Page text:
“It is purely a tautology to say that crises are caused by the scarcity of solvent consumers or paying consumption. The capitalist mode of production does not know of any other mode of consumption but a paying one, except that of the pauper or of the thief . . . But if one were to clothe this tautology with a semblance of profounder justification by saying that the working class receive too small a portion of their own product and the evil could be remedied by giving them a larger share of it or by raising wages; we should reply that crises are always preceded by a period in which wages rise generally and the working class get a larger share of the annual product intended for consumption. From the advocates of simple common sense such a period should remove a crisis. It seems then that capitalist production comprises certain conditions which are independent of good or bad will and permit the working class to enjoy that relative prosperity only momentarily and, at that, always as a harbinger of a coming crisis.” Vol. 2 (pp. 475/6.)


There is also a footnote to this passage by Engels which says, “advocates of the theory of crises of Rodbertus are requested to make a note of this.”


Is there a defective monetary mechanism?
The under-consumptionist theory of crises always depicts capitalist society as what it is not and cannot be; a system serving the needs of the community. For them crises are not the outcome of capitalist relations of production, but a defect in the monetary mechanism which can be regulated via banks and state action. This comprises the essentials of Keynes’ theory.


Under-consumptionists hold that the cause of crises is due to deficit purchasing power, i.e., the inability to buy back the ever-increasing amount of commodities thrown on the market. But as we have already noted, before the boom breaks, the workers’ purchasing power is at its height. It is not then lack of purchasing power which causes a cut back in investment by capitalists and unsold stocks to appear on the market, but because from the capitalist standpoint wages are too high and profit margins too low. It is this which can give rise to a crisis (a sharp break in price equilibrium) and if big enough brings about depression.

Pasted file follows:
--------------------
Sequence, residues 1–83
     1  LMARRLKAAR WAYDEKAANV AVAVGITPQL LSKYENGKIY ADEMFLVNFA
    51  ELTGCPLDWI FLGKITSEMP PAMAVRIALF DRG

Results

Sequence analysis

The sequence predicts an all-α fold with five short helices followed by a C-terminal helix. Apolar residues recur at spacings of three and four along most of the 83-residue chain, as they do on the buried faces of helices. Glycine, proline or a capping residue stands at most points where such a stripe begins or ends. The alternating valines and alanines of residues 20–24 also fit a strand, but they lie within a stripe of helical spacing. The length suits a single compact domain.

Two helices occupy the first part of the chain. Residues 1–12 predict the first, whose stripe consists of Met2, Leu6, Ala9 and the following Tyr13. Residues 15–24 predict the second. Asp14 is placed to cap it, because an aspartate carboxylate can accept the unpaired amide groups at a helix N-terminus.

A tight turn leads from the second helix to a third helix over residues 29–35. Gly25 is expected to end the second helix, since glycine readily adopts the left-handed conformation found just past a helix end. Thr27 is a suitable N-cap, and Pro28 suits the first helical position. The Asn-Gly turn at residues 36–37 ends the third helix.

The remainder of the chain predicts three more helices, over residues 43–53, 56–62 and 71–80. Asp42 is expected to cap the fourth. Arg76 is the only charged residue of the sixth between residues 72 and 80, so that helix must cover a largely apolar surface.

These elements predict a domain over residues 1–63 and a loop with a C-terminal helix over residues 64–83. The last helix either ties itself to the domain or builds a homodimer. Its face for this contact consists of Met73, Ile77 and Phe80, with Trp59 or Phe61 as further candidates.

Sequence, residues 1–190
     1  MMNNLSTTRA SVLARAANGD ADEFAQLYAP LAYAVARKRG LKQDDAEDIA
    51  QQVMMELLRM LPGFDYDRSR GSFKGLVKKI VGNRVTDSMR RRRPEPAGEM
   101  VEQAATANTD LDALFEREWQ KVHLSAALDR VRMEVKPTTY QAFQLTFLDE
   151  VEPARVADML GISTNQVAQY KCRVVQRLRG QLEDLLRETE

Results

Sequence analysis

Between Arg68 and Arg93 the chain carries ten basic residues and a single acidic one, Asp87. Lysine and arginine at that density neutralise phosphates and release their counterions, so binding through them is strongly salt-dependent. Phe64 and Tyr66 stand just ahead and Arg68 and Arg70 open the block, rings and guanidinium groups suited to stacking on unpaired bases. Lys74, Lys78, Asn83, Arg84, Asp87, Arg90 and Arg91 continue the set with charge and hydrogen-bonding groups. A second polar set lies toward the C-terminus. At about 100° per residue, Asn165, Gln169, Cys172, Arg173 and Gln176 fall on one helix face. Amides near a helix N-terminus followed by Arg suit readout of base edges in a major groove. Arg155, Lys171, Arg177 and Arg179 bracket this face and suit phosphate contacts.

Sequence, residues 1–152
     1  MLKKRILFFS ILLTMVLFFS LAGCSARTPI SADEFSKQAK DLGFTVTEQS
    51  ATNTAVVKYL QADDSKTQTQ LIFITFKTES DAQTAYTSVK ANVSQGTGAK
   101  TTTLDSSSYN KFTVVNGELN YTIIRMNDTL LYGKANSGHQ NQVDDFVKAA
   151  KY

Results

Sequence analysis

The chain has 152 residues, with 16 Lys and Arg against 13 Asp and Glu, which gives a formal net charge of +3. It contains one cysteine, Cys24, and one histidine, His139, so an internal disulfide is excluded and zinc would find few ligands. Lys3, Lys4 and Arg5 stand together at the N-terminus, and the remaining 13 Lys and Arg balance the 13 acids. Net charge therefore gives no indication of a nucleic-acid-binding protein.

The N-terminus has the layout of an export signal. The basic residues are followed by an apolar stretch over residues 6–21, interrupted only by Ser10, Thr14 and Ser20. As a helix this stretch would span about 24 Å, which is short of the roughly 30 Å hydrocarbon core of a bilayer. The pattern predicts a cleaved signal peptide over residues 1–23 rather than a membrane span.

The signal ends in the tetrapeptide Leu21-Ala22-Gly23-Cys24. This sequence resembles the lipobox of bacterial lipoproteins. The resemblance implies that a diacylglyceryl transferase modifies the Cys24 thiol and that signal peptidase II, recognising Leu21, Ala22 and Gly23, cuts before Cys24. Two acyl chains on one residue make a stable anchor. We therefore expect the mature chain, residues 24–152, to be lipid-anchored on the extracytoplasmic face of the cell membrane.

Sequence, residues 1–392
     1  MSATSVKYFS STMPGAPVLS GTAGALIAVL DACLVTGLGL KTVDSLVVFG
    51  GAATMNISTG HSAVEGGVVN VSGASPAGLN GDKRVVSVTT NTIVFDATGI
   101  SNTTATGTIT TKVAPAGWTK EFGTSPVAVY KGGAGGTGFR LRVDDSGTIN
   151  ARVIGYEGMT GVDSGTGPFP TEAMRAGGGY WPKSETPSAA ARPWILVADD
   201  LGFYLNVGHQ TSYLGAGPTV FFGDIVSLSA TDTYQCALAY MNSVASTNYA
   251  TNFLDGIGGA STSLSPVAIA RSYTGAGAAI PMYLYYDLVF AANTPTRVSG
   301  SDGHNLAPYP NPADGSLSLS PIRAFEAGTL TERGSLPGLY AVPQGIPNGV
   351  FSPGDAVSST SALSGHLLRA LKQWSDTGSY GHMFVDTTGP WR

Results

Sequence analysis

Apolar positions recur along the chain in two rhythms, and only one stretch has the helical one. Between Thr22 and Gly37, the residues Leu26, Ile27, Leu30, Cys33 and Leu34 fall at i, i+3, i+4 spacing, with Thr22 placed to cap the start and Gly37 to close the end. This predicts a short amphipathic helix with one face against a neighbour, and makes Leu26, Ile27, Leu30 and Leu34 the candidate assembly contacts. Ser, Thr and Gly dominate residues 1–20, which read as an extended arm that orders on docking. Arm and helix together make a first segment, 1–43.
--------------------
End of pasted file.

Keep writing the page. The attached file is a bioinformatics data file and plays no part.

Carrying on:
If this happens there will be a falling spiral of wages and profits and unsold stocks will pile up. This is not a cause, but an effect of certain conditions and has nothing to do with a defect in the monetary mechanism or some absolute deficit in purchasing power. What actually takes place is that a number of capitalists—members of the ruling social group—take decisions as to the future trend of capital investment and, of course, production. If they decide not to invest at the existing profit level or cut back, it is because from the capitalist standpoint the existing income distribution is an unsatisfactory one for them. Profit margins are too small and wage bills too big. As has been already stated it is not a question of workers having too little purchasing power (wages), but from the capitalist view too much. But supposing a crisis does break out. It does not follow there is an overall lack of purchasing power. There is plenty of available purchasing power in banks, holdings, reserves, and the pockets of capitalists to buy up surplus stock for needy workers. But capitalists do not choose to spend their money that way.


There are good reasons why they should not redistribute purchasing power this way. As Marx pointed out, the capitalist, if not a miser by nature, is one by necessity. Being realists they know in any depression period they must husband their resources—even seek to increase them, conditions permitting, if they are to successfully ride the next wave boom.


Capitalism knows of only one form of consumption and that is paying consumption, and as we have seen the system operates in such a way as to impose in relation to the ability to produce wealth, a restrictive consumption on the working class. To say this is due to a lack of purchasing power is the merest tautology. Actually capitalist society generates the purchasing power necessary for the realisation in terms of money, of the wealth it produces. For instance, suppose a boom starts in the capital goods industry (it could, of course, start elsewhere), increased production of the means of production will by employing more and more labour-power, generate increased purchasing power among workers which will be transmitted to the industries producing consumption goods. These industries will expand and order further machines and auxiliaries for this purpose and so a continuous process will go on in the generating of purchasing power. Under the stimulus of demand, prices will rise and the purchase price of labour-power will rise also. In fact, generally speaking, labour-power during the later stages of the boom tends to rise faster than other commodities. Increased purchasing power is synchronised with increased production.